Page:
Eminently practical and a little eccentric, Aglet Mono joins the Aglet superfamily. Like Aglet Slab and Aglet Sans, it builds on a fundamental structure of roundness, which tempers its modular, fixed-width rhythms and distinguishes it from other typefaces in the genre.
Monospace doesn’t mean monotonous. On the contrary. The occupation of an equal amount of space by all glyphs along the horizontal axis generates syncopated, awkward voids around the shapes—and a challenge for the typeface’s designer, who scrambles to come up with creative strategies to offset these lopsided spatial tempos.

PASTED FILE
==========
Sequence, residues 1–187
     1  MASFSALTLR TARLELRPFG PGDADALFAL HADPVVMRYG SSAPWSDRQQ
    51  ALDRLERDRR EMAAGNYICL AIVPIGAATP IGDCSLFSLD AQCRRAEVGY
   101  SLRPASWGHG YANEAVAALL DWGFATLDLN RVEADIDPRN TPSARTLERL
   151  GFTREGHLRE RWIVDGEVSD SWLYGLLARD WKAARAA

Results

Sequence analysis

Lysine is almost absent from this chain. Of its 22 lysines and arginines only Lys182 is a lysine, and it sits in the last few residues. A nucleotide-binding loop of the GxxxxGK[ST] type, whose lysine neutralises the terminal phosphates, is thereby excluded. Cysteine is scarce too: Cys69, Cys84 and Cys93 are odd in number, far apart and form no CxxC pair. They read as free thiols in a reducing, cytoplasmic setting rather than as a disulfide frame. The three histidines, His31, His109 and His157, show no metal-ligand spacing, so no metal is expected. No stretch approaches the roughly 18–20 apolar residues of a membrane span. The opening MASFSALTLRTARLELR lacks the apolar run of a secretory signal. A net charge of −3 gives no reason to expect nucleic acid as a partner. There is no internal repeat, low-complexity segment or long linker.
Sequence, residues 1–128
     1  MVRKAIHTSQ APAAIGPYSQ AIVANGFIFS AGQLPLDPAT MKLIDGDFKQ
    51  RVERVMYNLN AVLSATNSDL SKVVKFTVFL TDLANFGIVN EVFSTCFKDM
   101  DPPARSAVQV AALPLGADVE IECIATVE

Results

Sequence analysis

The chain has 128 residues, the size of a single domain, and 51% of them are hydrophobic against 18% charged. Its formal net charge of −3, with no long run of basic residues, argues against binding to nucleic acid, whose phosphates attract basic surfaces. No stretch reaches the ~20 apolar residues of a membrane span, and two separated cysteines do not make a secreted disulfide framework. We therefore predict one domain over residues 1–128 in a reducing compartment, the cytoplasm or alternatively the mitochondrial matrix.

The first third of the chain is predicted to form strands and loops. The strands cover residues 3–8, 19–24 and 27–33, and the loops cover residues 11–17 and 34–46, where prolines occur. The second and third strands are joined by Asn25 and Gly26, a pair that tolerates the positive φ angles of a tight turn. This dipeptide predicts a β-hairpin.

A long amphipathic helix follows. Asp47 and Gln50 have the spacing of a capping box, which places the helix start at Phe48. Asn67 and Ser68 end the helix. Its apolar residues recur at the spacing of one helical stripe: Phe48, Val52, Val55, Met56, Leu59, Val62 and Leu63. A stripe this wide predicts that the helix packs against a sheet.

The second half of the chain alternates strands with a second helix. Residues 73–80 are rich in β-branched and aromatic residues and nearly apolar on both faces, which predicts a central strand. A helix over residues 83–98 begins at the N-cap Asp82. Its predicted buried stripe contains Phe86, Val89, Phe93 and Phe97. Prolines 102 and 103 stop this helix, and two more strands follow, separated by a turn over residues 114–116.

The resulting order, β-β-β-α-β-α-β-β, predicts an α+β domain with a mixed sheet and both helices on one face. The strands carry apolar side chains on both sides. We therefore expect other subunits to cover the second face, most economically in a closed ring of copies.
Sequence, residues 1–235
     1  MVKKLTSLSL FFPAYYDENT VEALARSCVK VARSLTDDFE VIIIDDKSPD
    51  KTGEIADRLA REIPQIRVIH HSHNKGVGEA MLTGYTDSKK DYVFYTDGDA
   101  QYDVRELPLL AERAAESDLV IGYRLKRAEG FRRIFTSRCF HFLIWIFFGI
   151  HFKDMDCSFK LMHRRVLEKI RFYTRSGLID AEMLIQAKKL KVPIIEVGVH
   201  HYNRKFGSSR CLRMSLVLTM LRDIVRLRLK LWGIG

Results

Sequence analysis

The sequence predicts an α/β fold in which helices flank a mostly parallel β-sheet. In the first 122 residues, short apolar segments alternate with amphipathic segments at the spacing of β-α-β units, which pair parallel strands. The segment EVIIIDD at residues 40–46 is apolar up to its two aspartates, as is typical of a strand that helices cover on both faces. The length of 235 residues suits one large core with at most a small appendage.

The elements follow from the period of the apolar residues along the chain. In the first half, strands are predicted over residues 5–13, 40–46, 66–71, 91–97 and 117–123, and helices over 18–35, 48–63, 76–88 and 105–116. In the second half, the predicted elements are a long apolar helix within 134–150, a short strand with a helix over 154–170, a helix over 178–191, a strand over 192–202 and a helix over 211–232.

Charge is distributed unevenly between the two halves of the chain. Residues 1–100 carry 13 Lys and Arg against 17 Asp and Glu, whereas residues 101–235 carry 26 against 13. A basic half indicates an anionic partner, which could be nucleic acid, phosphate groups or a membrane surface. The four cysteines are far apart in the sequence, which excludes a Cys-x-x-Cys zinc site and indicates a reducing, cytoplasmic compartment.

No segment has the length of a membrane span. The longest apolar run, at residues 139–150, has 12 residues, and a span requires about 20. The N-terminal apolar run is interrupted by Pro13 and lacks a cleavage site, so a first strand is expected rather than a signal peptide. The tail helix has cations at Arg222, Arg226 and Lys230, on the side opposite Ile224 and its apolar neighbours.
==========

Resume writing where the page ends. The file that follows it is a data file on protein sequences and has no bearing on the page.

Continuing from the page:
And so the caved-in sides of A, V, W, v, and w compensate for the absence of kerning. Splashy f, j, r, and t fill their allotted space with arches and hooks, and a brazenly complex g allies itself with the idiosyncrasies of some of the other glyphs.
Aglet Mono is a display(ish) face at heart, but it also translates well to the more routine demands of code. Technical and mechanical, but also sincere and ad hoc, Aglet Mono rounds out the Aglet family while remaining fiercely independent.
You read that right. Exploring the relationship between analog and digital output, the inimitable Kelli Anderson produced the mind-bending animation up top by printing each frame on a Risograph printer—in five colors! (See a high-quality version on Instagram.) She also created a series of prints, which are now available.